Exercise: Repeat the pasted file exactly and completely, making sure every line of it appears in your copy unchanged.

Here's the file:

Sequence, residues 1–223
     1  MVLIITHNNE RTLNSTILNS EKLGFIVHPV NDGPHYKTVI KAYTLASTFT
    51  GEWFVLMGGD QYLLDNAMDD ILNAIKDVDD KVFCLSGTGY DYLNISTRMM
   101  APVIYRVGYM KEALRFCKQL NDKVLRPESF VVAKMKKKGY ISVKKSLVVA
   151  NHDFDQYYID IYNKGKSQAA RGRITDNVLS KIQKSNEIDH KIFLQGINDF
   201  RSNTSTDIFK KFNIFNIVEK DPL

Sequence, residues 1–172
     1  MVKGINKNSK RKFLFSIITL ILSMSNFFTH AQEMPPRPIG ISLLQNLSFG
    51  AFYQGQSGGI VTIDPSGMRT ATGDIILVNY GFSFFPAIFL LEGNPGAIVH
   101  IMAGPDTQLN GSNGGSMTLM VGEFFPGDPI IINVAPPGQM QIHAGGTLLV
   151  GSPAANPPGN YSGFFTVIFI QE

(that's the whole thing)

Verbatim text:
Sequence, residues 1–223
     1  MVLIITHNNE RTLNSTILNS EKLGFIVHPV NDGPHYKTVI KAYTLASTFT
    51  GEWFVLMGGD QYLLDNAMDD ILNAIKDVDD KVFCLSGTGY DYLNISTRMM
   101  APVIYRVGYM KEALRFCKQL NDKVLRPESF VVAKMKKKGY ISVKKSLVVA
   151  NHDFDQYYID IYNKGKSQAA RGRITDNVLS KIQKSNEIDH KIFLQGINDF
   201  RSNTSTDIFK KFNIFNIVEK DPL

Sequence, residues 1–172
     1  MVKGINKNSK RKFLFSIITL ILSMSNFFTH AQEMPPRPIG ISLLQNLSFG
    51  AFYQGQSGGI VTIDPSGMRT ATGDIILVNY GFSFFPAIFL LEGNPGAIVH
   101  IMAGPDTQLN GSNGGSMTLM VGEFFPGDPI IINVAPPGQM QIHAGGTLLV
   151  GSPAANPPGN YSGFFTVIFI QE